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A Yankee Notebook

June 4, 2012


EAST MONTPELIER, VT – Just 100 year ago this month, in Chicago, the nominating convention of the Republican National Committee was in full cry. Then, as now, the party of Lincoln was, to the delight of the Democrats, pulling itself apart. With three candidates to choose from – the massive, almost somnolent incumbent President William Howard Taft; “Fighting Bob” La Follette of Wisconsin (who had the year before led a fierce campaign defending the right of workers to organize that was the mirror image of Governor Scott Walker’s campaign to eliminate them exactly 100 years later); and the feisty former President Theodore Roosevelt – the party was in a fervor.


The dispute today is between the GOP conservatives and its newborn radicals. In Teddy’s time it raged between the National Committee, comprising the wealthy conservative wing of the Grand Old Party –committed, albeit unenthusiastically, to the reelection of Taft – and the progressive element, exemplified by La Follette and Roosevelt. The committee had refused to recognize the credentials of many progressive delegates chosen in primaries, in favor of delegates loyal to and appointed by regional party bosses. Tempers were running high. The stage at the Chicago Auditorium had been raised to shoulder height and was protected by barbed wire in front, a 12-foot-deep dry moat behind, and a detachment of security guards and Chicago cops.

A friend recently lent me a 24-hour-long talking book: Edmund Morris’s Pulitzer Prize-winning Colonel Roosevelt. I played it in my truck as I drove. It covers the period of Teddy Roosevelt’s life from the end of his second term in 1909 to his death only nine years later at the age of sixty. Two impressions emerge from listening to actor Mark Deakins read the book. The first is that, for better or worse, they just don’t make ‘em like Teddy anymore; that he probably was the most interesting American who ever lived: in his cousin Franklin’s words, “the greatest man I ever knew.” The second is that I spend a lot more time in my truck than I’d ever suspected.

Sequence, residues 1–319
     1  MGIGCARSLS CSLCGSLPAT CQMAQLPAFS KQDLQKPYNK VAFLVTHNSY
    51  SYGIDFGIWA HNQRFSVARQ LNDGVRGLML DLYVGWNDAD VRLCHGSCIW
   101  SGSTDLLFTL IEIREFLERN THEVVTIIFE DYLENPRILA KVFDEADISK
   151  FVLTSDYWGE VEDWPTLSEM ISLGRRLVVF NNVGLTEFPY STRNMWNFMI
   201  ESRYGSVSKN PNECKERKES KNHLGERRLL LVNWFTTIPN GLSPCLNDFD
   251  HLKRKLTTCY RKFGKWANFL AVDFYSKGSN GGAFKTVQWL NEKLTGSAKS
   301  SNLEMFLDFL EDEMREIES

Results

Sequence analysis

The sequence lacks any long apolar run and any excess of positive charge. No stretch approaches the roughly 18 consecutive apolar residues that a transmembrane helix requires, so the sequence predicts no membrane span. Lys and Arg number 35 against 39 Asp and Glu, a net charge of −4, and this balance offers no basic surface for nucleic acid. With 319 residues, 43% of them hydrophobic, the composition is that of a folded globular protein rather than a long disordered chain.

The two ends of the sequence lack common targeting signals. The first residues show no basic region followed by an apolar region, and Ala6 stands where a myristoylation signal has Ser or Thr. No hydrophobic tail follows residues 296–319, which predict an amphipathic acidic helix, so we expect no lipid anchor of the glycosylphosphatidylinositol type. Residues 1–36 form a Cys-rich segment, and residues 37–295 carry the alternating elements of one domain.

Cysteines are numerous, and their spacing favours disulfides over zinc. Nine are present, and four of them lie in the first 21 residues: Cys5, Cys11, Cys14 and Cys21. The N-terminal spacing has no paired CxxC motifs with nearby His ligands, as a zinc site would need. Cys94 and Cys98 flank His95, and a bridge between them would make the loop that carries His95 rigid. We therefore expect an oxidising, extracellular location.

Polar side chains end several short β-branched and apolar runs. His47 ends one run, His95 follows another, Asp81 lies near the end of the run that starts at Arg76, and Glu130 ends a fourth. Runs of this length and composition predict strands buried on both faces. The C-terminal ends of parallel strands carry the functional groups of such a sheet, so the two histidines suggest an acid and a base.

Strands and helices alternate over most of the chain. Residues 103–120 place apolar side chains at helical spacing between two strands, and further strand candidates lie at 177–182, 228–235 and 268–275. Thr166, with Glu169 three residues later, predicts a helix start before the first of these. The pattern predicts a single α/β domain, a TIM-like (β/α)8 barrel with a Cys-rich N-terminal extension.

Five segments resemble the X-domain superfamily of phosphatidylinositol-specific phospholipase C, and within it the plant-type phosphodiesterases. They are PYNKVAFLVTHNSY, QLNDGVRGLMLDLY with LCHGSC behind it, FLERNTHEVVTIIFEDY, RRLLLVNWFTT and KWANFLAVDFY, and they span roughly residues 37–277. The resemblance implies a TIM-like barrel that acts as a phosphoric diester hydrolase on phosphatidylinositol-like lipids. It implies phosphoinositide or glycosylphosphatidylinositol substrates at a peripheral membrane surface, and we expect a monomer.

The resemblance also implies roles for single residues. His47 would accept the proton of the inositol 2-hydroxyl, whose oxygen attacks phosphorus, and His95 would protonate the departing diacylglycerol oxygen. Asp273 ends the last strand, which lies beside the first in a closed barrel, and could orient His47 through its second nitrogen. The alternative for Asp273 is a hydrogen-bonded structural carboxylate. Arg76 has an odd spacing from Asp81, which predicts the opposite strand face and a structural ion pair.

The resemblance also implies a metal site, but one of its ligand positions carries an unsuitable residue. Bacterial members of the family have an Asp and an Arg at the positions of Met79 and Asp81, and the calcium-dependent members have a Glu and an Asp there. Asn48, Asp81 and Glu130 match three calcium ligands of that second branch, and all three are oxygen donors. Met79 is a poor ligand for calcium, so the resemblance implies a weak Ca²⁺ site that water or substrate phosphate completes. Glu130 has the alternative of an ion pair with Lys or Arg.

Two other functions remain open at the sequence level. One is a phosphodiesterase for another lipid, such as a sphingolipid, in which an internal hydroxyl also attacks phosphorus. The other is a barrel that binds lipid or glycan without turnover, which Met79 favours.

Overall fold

Most schoolchildren know the story of Roosevelt’s childhood: how, asthmatic and severely nearsighted, he managed to build himself into a sturdy, aggressive bullet of a young man by vigorous outdoor activity. He was often held up as a model for us by our parents when they felt we were spending too much time indoors reading. One of my favorite books as a child was Roosevelt’s magnificently illustrated African Game Trails. I read my father’s copy till the spine disintegrated and the pages fell out. To this day I can see the tawny lion charging Teddy and his frightened gun-bearers, and recall part of the caption beneath the painting: “...uttering terrific coughing grunts.” The former President dispatched it with a final bullet to the middle of its chest. He dispatched quite a few other animals, as well, a fact that didn’t bother me as much then as it does now. Nor did his description of killing a charging rhinoceros just in time, “as it clearly meant mischief.” I shouldn’t wonder it did; it had several large bullet holes in its hide.